1. How to define a custom dependency configuration

How to define a custom dependency configuration 

A dependency configuration (or configuration for short) defines a graph of library dependencies, potentially with its own classpath, sources, generated packages, etc. The dependency configuration concept comes from Ivy, which sbt used to use for managed dependencies [Library Dependencies][Library-Dependencies], and from [MavenScopes](https://maven.apache.org/guides/introduction/introduction-to-dependency-mechanism.html#Dependency_Scope).

Some configurations you’ll see in sbt:

  • Compile which defines the main build (src/main/scala).
  • Test which defines how to build tests (src/test/scala).
  • Runtime which defines the classpath for the run task.

Cautions on custom dependency configurations 

A custom configuration should be considered only when you are introducing either a new set of source code or its own library dependencies (like Test).

In general, it would be a bad idea to introduce configuration merely as a way to namespace keys.

One drawback of the custom configuration is that the users will be confused about the complexity around scoping. They might be familar with subprojects and tasks, but it becomes complicated when configuration scoping is involved.

Another drawback is that there is limited support from sbt. For instance, you can express that a configuration is meant to extend another configuration, but there is no inheritance of settings. You have to provide all expected settings and tasks. This means that when a new features are added to sbt, there’s a good chance the custom configurations will not be covered. The same goes for third-party plugins.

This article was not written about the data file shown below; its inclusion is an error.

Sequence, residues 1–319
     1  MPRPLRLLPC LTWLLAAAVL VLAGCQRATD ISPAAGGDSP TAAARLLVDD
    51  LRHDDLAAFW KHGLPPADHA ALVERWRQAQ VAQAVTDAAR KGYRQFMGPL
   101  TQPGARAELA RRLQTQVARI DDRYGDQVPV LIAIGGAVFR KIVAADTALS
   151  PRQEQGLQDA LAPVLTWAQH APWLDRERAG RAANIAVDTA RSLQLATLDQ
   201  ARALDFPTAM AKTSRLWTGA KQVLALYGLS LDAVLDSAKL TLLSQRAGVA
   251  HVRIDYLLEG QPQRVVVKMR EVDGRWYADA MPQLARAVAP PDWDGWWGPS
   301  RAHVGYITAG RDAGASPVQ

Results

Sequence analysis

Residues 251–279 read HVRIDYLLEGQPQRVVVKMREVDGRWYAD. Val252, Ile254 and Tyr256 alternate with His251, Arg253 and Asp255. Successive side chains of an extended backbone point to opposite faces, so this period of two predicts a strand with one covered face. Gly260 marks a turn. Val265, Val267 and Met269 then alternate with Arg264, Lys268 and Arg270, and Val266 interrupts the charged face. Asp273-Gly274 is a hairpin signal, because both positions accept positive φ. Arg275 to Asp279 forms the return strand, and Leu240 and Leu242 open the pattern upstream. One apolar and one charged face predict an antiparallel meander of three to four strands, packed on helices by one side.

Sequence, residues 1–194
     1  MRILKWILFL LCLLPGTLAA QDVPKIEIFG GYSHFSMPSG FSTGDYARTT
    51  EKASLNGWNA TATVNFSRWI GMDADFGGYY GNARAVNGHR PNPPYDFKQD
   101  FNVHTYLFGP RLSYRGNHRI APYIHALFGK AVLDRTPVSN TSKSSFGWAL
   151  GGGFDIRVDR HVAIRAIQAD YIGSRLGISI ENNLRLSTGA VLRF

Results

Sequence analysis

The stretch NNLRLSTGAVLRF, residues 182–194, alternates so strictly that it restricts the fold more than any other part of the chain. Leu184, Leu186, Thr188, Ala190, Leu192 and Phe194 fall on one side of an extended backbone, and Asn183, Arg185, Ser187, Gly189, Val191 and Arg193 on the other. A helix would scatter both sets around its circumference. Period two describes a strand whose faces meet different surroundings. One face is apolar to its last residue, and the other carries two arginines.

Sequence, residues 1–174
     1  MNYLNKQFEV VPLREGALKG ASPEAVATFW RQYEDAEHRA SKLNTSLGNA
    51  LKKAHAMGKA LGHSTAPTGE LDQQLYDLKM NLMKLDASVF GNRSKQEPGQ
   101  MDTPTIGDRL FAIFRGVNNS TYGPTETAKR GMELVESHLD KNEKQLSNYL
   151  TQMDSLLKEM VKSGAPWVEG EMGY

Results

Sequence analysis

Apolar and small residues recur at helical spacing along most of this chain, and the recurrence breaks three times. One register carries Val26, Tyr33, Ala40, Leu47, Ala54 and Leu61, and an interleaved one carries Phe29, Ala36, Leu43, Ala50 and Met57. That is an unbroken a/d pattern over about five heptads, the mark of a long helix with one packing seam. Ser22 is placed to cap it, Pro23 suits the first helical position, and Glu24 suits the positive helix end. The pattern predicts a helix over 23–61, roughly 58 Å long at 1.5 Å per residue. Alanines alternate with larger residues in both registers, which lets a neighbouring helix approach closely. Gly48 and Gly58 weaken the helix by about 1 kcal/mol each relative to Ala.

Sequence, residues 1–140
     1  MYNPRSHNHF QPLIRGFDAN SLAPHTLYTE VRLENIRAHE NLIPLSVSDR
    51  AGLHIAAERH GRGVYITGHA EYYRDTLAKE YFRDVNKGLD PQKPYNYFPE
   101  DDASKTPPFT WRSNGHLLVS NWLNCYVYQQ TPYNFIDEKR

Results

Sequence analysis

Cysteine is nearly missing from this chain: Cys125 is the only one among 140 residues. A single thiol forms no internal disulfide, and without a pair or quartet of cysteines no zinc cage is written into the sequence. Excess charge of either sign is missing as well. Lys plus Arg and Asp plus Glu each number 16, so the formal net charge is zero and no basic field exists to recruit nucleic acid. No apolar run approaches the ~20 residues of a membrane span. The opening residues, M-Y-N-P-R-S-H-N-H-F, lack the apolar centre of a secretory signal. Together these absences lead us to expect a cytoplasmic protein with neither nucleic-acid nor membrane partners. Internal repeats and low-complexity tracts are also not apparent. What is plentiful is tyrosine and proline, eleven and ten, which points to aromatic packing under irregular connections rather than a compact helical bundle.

Example basic custom configuration 

Here’s an example of a minimum custom configuration.


package com.example.sbtfuzz

import sbt._

object FuzzPlugin extends AutoPlugin {
  object autoImport {
    lazy val Fuzz = config("fuzz")
  import autoImport._
  override lazy val projectSettings =


ThisBuild / scalaVersion     := "2.13.4"
ThisBuild / version          := "0.1.0-SNAPSHOT"

lazy val root = (project in file("."))
  .enablePlugins(FuzzPlugin, ScalafmtCliPlugin)
    name := "use",

Example sandbox configuration 

One sometimes useful technique with a configuration is adding a side graph to the user’s project so Coursier would download some JARs, which your task can invoke. This is called a sandbox configuration. This can be used for instance to invoke Scala 2.13 CLI version of scalafmt. As of sbt 1.4.x there’s a limitation so the sandbox configuration must use the same Scala version as the user’s subproject.


package com.example

import sbt._
import Keys._

object ScalafmtCliPlugin extends AutoPlugin {
  object autoImport {
    lazy val ScalafmtSandbox = config("scalafmt").hide
    lazy val scalafmt = inputKey[Unit]("")
  import autoImport._
  override lazy val projectSettings = Seq(
    ivyConfigurations += ScalafmtSandbox,
    libraryDependencies += "org.scalameta" %% "scalafmt-cli" % "2.7.5" % ScalafmtSandbox,
    scalafmt := (ScalafmtSandbox / run).evaluated
  ) ++ inConfig(ScalafmtSandbox)(
      run := Defaults.runTask(managedClasspath, run / mainClass, run / runner)
      managedClasspath := Classpaths.managedJars(
    ) ++
          mainClass := Some("org.scalafmt.cli.Cli"),
          fork := true, // to avoid exit
        ) ++ Defaults.runnerSettings

Enabling ScalafmtPlugin would add scalafmt task, which runs the CLI.

sbt:custom-configs> scalafmt --version
[info] running (fork) org.scalafmt.cli.Cli --version
[info] scalafmt 2.7.5
[success] Total time: 3 s, completed Feb 8, 2021 12:01:34 AM
sbt:custom-configs> scalafmt
[info] running (fork) org.scalafmt.cli.Cli
[info] Reformatting...
[success] Total time: 6 s, completed Feb 8, 2021 12:01:40 AM

How do I add a test configuration? 

See the Additional test configurations section of Testing.